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Showing posts from June, 2015

Just a sandwich

It comes back to me as I'm spilling rocket onto a wholemeal wrap, slicing cucumber and spring onions: my sister, Shân, asking me if I'd like a salad sandwich.
It was hot that week during the summer of 1984. I was still living in Jersey and had come home to Wales for a visit. My nephew, Gareth, is a baby. My niece, Sarah, is seven. My brother-in-law, Stephen, has driven the four of us here, 65 miles from Port Talbot, in their racing green mini: the M4, the A48 to Carmarthen, then west along the A477 past the farms of great-grandmothers we are yet to learn about, towards Pembrokeshire and Freshwater East, to the first floor flat with a tiny balcony overlooking the bay. After dropping us off he has headed home again to pack the rest of the week's necessities into the little car. 
Hungry Writing Prompt Write about packing the car for a road trip
This is the only photo I can find: me and the kids outside the flat's front door just before sunset one evening. But there are more, I…

Appetite: Mara Bergman's New York poems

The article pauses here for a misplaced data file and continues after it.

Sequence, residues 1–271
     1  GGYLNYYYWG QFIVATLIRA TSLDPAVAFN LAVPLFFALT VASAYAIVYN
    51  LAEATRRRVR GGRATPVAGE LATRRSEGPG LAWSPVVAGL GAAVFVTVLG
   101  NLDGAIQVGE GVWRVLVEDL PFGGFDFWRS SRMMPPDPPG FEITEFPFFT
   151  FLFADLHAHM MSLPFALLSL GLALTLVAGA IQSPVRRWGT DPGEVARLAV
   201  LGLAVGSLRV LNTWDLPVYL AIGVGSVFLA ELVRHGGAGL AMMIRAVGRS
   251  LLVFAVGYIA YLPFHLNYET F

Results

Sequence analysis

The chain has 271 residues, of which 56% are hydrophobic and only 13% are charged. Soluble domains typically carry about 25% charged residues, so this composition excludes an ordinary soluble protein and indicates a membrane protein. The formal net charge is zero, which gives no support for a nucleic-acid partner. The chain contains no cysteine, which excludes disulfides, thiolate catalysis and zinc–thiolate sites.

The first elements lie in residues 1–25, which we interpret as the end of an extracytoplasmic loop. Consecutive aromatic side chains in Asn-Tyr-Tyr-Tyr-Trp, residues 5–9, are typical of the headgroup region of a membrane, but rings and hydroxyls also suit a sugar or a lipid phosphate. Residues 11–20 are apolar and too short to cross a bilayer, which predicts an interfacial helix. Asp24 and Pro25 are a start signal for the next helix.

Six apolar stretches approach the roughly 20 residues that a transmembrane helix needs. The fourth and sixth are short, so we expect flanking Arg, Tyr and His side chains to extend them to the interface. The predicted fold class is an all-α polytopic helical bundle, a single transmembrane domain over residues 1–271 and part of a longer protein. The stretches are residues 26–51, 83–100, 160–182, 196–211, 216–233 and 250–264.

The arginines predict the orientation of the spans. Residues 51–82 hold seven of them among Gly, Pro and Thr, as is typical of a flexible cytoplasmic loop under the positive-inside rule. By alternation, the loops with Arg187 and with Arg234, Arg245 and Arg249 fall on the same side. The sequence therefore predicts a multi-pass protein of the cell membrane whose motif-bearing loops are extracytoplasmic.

On the flyleaf of the Everyman anthology, Eat, Drink, and Be Merry, poems about food and drink, it says:
Eating and drinking and the rituals that go with them are at least as important as loving in most people’s lives, yet for every hundred anthologies of poems about love, hardly one is devoted to the pleasures of the table.
And yet without food and drink there would be no love. Literally, on the fundamental levels of survival and the biological impulse to procreate, but food is also bound to our emotional, psychological and intellectual experiences, to our memories, to the people in our lives. The sound-bite 'we are what we eat' transcends our physical compositions: we are what we have been fed, what we have shared with others, what we have offered as sustenance. 
I like reading about food in people's stories, novels and poems. Feel bereft, and irritated, when characters meet in restaurants and the writer overlooks the menu completely! Food gives us a sense of who a person i…

Grow

I am learning it all over again: the delight of picking and eating something you have grown. But perhaps it's not 'all over again', maybe it is for the first time. Dad has kept a vegetable garden since the late 1950s, ever since they moved into the house he and Mam still live in, so as a child I was used to a home-grown harvest of runner beans, broad beans, carrots, cabbage, potatoes, and onions with their tops bent over to help them dry a little while still in the earth before being plaited into strings and wintered in the dark of the redundant coal bunker. But 'delight'? No - I took it for granted. These were the years when most people grew something in their gardens; there was nothing unusual about it. It was part of life, part of feeding yourself.
The year after I moved in with Tony he ploughed up half an acre in a field at the front of his house and planted enough vegetables to feed a small village, if they'd all been famished on exactly the same day. The i…